With the National Electricity Market about to come under significant pressure as the summer season kicks off, the Australian Energy Council and Energy Networks Australia has released guidance on the potential impacts of extended hot weather on the energy system.

Together, the two associations have released a fact sheet titled “Heatwaves and electricity supply”, which explains how the industry works to deliver reliability during these extreme weather periods.

Energy Networks Australia CEO, Andrew Dillon, and Australian Energy Council Chief Executive, Sarah McNamara, said the industry had been doing everything it could to ensure power supply could be maintained during the hot summer months.

Power station operators and transmission and distribution businesses have been undertaking plant and system maintenance in the lead-up to summer.

The AEC’s Chief Executive, Sarah McNamara said, “Individual power station generation units can and do have unplanned outages from time to time as we have seen this year. But this is normal, not just for large plants here in Australia, but also overseas. 

“Power systems have back-up capacity, which is designed to manage a limited number of individual outages.”

Historically, electricity demand has been highest on hot weekdays when business and industry are fully operating.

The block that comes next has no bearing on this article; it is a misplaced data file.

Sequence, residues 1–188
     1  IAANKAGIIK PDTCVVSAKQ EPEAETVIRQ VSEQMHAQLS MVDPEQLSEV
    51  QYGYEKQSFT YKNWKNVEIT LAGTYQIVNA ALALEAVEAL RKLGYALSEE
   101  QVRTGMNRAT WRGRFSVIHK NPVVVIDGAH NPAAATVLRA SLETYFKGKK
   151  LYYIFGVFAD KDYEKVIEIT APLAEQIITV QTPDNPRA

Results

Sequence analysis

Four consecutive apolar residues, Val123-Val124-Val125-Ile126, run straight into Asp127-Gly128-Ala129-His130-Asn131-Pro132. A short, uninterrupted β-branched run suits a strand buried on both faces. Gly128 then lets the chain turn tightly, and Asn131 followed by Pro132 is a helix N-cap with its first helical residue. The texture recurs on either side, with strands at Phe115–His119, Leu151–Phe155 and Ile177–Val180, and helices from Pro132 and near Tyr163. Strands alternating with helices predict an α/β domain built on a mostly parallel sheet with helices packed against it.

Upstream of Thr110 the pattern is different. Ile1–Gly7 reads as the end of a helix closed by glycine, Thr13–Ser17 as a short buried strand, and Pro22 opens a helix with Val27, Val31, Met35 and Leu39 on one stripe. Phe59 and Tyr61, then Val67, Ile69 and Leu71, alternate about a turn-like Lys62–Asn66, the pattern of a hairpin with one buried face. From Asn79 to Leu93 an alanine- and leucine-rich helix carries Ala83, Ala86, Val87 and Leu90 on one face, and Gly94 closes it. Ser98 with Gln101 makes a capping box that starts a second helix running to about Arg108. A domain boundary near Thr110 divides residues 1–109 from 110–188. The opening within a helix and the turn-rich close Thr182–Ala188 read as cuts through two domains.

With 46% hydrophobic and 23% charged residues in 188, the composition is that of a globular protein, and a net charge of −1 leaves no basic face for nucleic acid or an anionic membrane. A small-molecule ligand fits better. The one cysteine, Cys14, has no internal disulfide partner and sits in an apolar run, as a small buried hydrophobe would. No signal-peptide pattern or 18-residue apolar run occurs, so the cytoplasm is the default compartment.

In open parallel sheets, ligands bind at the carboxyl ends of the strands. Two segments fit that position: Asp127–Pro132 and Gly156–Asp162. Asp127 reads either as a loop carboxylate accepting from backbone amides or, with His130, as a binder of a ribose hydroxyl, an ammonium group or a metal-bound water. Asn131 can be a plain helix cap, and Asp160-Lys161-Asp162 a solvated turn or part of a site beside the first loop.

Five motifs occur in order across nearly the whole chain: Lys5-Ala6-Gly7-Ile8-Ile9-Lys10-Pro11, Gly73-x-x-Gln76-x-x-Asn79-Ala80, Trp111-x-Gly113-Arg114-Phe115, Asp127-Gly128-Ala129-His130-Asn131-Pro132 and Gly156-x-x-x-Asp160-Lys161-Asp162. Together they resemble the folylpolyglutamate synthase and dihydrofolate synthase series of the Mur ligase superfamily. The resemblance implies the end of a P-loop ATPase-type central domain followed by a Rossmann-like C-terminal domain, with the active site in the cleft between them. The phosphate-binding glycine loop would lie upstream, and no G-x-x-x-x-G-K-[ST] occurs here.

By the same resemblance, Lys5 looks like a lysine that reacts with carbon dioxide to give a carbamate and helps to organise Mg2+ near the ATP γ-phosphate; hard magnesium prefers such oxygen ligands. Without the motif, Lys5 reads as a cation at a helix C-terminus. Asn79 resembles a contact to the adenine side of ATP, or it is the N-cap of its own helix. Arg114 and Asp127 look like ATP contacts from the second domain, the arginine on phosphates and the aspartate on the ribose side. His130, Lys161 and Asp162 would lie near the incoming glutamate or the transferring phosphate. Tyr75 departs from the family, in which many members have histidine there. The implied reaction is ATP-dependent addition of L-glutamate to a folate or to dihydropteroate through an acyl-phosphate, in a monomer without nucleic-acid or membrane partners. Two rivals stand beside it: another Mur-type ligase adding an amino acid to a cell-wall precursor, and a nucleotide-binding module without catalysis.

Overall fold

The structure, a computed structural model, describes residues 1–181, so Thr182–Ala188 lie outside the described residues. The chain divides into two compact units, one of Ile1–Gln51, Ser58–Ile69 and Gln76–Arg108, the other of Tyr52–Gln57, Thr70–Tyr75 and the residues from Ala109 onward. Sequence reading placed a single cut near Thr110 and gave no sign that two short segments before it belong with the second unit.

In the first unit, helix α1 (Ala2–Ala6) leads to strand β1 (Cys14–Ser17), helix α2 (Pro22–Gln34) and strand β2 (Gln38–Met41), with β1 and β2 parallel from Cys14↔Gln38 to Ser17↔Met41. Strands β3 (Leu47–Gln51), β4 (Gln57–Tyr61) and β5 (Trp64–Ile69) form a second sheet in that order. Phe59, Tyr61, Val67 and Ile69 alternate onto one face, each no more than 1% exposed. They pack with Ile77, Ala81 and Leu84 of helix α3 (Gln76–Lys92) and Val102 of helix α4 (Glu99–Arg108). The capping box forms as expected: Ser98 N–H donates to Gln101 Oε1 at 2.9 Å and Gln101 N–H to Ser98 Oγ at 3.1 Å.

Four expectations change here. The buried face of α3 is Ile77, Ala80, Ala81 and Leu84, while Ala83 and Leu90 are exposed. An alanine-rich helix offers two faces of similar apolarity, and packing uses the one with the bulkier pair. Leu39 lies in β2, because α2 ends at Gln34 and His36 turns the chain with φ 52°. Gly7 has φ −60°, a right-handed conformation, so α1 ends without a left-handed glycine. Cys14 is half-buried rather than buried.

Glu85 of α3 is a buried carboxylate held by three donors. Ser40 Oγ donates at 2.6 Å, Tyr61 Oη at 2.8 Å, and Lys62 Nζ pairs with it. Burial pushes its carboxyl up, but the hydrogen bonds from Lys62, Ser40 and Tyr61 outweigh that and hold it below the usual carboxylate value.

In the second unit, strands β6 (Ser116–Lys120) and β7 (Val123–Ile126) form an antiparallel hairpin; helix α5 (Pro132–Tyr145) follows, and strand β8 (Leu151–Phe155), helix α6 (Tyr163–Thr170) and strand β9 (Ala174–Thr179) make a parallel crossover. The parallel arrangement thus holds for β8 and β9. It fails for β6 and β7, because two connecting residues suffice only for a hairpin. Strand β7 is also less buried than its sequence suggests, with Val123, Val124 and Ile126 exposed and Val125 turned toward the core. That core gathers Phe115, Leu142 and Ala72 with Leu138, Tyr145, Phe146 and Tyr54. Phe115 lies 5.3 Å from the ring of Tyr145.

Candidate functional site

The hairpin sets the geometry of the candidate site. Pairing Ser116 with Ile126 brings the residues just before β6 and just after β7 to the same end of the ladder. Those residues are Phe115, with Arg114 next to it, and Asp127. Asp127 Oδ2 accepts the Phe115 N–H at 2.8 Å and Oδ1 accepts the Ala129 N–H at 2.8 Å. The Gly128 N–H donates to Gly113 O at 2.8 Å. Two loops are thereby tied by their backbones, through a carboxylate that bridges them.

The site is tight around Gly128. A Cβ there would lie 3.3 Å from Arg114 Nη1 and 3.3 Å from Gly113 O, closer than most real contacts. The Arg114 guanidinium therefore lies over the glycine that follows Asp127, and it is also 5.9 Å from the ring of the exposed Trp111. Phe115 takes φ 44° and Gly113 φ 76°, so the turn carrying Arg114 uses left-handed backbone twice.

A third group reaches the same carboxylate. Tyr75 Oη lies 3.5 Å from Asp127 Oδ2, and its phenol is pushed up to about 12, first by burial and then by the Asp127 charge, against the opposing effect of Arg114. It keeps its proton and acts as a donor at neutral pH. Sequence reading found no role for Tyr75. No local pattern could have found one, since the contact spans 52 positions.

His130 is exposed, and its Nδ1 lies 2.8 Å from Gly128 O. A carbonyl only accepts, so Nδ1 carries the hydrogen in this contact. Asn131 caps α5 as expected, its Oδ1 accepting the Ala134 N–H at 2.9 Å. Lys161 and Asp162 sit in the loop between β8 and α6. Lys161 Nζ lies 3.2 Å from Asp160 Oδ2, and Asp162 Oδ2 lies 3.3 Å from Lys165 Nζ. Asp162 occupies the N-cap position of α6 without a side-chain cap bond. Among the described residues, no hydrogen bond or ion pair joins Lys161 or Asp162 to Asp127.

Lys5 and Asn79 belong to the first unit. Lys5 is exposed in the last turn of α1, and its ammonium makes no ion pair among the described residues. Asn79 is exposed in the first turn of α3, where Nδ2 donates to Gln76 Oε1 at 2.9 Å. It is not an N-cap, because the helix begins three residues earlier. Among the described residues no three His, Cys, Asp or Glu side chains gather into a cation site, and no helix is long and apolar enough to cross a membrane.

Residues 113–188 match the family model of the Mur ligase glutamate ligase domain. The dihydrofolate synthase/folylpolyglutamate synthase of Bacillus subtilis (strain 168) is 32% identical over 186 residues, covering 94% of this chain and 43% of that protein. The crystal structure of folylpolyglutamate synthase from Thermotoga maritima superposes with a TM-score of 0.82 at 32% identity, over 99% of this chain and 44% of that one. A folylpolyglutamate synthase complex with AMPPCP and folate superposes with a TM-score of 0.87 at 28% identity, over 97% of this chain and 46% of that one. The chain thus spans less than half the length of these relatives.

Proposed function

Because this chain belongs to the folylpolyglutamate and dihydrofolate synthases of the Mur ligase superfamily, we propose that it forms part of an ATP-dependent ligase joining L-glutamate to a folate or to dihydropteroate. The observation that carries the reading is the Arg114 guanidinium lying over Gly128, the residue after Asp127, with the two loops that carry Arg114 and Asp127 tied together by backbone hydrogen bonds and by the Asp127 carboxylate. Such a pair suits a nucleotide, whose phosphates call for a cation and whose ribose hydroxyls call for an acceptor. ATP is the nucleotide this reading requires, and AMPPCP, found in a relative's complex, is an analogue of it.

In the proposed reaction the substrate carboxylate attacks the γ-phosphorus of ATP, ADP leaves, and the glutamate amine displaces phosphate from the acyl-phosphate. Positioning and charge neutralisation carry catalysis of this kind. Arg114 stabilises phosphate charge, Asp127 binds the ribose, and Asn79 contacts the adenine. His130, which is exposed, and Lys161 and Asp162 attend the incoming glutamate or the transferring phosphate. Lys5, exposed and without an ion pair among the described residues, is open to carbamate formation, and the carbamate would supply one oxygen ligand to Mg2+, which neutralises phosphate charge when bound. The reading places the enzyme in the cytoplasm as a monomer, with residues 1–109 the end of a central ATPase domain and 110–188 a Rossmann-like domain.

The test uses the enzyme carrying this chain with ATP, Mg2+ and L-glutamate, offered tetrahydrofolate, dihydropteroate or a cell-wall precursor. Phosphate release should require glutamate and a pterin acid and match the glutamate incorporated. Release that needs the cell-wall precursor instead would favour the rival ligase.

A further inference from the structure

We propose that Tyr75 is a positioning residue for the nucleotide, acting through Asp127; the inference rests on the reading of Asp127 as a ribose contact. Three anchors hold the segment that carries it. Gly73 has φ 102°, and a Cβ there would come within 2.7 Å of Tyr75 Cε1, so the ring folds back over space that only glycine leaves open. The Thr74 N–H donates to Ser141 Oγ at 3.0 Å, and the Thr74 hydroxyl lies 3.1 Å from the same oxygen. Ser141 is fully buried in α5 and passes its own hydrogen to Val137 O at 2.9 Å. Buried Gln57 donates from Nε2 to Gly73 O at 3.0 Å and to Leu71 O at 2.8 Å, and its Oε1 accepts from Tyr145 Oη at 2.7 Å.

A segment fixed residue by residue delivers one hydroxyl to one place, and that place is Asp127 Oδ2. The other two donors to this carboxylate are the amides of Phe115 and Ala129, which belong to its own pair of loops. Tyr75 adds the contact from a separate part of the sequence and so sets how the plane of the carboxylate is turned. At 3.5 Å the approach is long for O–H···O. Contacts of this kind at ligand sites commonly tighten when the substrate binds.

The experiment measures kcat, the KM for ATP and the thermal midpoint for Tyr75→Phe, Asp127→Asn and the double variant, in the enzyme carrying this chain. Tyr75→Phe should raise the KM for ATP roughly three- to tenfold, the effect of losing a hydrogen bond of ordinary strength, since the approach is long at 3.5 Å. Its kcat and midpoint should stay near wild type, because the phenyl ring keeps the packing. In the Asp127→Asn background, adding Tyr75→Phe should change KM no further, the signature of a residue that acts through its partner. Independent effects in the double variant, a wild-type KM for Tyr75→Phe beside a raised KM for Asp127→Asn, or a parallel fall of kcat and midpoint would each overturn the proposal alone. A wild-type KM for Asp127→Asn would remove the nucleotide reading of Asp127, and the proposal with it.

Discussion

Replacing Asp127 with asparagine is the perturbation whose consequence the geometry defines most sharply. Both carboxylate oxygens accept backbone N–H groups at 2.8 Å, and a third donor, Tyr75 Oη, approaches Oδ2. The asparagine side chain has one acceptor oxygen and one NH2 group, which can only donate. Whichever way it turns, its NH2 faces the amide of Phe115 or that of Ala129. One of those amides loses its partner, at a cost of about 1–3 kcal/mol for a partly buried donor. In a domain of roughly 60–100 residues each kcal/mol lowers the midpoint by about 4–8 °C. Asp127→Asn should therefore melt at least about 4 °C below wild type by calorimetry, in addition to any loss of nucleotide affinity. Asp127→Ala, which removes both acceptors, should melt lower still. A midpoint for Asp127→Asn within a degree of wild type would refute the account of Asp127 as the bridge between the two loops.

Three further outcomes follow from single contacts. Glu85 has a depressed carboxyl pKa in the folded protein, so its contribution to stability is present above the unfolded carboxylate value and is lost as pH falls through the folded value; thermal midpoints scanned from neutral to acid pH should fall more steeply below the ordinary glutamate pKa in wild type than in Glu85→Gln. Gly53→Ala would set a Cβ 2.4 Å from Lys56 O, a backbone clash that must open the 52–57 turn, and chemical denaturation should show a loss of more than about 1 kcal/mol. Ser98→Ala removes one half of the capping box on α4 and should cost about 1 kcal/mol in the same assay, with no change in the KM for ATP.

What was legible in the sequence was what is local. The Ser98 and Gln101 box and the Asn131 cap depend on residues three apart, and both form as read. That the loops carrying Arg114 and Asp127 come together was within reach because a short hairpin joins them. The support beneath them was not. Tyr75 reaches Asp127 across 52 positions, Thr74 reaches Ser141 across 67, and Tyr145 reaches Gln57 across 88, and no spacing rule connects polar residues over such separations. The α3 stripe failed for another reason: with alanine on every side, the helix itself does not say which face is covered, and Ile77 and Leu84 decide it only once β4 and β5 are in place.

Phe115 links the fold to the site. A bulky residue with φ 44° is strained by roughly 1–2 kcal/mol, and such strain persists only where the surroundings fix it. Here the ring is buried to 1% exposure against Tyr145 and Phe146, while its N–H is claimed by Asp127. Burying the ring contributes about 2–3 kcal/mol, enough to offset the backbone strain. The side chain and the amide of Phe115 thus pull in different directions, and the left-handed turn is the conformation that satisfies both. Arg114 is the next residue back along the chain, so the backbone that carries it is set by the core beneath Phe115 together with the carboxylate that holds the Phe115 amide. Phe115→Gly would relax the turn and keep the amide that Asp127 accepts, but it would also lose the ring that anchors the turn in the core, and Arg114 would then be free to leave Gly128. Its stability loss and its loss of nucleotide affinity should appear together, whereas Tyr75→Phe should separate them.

“The biggest risk occurs with very high demand. Usually that is at the end of a run of two or more extremely hot days. Buildings are already hot, there may be low output from wind generation and solar PV output declines late in the afternoon,” Ms McNamara said.

“Losing power even for short periods during a heatwave can cause real inconvenience. But electricity providers will continue to do everything possible to avoid that occurring. We are working with AEMO to have sufficient supply available for the hotter periods.”

Energy Networks Australia CEO, Andrew Dillon, said networks take all possible steps to keep the lights on during summer.

“Outages can occur for a number of reasons when temperatures hit extremes and networks respond as quickly as possible to restore power,” Mr Dillon said.

Extreme weather, such as fire, strong winds or storms, can damage network infrastructure.

When there is not enough electricity being supplied, AEMO may also direct networks to cut power to customers, this is known as load shedding.

When directed to load shed by AEMO, networks take all possible steps to minimise this disruption, keep critical infrastructure such as hospitals and public transport online and restore power as quickly as possible.

“For information on outages, follow your local network provider via social media or contact them directly,” Mr Dillon said.

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